You may have heard the term ‘Superfood’ before. Superfoods began gaining popularity in 2013 and have since become a household name. But what is a superfood?
Oxford Dictionary defines superfood as “a nutrient-rich food considered to be especially beneficial for health and well-being”, while Merriam-Webster explains superfoods as, “food that is rich in compounds (such as antioxidants, fiber, or fatty acids) considered beneficial to a person’s health”. Food commonly labeled as superfoods include blueberries, avocado, salmon and so on.
However, there’s one thing you have to know about superfoods — the term superfood itself is a marketing term created by media and the public that is rarely used by scientists, experts, or nutritionists. There are no criteria determining what a superfood is and what it is not. Similar marketing strategies have been used with milk manufacturing in the 1920s. Milk was advertised as a necessary “golden food” for human health even though the contamination and hygienic problems were severe at the time. The real question is, are superfoods really that super?
The marketing and labeling of ‘superfoods’ can easily persuade consumers to believe in all the proposed benefits of a superfood. This overemphasis on the value of a superfood may result in higher prices. In reality, the actual products after deep processing have already lost a lot of their nutrition by the time they make it to the grocery store. According to Despina Hyde, a registered dietician with the weight management program at New York University’s Langone Medical Center, although consuming foods that are packed with nutrients is certainly a good idea, the key to a healthy diet is to consume a variety of nutrients foods in the right quantities.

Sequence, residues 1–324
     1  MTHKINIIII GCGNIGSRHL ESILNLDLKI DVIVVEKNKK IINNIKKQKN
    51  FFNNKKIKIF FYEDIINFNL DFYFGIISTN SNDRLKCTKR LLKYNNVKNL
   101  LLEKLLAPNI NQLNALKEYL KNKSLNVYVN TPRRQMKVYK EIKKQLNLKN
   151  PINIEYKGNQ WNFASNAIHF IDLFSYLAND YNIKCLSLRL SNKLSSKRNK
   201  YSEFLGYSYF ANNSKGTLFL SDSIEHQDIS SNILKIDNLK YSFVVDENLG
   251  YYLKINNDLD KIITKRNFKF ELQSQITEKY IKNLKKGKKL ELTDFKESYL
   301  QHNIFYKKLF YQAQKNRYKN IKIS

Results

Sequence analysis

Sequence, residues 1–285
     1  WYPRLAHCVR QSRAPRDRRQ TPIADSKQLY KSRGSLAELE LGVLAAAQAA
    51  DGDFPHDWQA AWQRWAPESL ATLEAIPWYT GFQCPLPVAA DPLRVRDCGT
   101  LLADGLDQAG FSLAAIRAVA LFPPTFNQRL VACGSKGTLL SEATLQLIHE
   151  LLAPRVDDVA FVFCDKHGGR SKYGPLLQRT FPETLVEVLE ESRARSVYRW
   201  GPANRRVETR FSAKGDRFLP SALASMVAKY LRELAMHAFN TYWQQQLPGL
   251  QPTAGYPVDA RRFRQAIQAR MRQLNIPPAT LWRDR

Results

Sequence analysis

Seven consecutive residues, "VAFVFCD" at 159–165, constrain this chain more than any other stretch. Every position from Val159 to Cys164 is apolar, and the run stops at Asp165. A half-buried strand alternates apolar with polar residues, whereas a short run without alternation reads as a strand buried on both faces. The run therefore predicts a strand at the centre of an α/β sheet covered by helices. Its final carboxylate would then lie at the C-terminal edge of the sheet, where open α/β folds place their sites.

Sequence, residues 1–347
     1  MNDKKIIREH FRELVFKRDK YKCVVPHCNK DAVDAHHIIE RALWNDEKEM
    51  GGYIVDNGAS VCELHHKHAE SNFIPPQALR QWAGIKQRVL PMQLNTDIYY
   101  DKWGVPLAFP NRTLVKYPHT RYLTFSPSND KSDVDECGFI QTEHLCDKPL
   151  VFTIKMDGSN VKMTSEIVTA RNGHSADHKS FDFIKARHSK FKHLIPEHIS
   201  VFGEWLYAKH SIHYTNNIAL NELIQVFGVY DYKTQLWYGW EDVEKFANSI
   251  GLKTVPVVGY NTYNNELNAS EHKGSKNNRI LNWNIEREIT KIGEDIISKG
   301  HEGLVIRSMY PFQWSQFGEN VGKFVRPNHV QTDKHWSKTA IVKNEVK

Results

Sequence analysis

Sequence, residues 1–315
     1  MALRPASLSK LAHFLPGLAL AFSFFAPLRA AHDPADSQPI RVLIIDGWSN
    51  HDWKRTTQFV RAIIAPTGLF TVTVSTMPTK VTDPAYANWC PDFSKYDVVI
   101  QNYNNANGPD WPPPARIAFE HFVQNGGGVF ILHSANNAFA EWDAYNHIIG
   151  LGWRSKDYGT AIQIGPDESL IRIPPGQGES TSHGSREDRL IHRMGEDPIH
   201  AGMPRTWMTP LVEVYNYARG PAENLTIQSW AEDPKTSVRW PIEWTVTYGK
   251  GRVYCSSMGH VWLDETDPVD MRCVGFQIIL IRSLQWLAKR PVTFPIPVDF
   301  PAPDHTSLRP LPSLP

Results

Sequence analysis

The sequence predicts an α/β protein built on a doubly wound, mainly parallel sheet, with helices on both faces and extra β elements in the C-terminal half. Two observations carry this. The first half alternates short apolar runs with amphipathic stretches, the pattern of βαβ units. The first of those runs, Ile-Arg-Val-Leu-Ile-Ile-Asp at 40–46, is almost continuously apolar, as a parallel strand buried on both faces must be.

Nevertheless, this doesn’t mean superfood is a meaningless term. Listing foods with rich and top nutrients, the term ‘superfoods’ provides a good starting guide to planning one’s healthy diet. Since the human body and health are always complicated, you should plan a diet based on your own needs and what works for you.
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Photo provided by Bernard Dupont
Guest Post Written by Can Wang, Class of 2020, Dining Team Green Sustainability Coordinator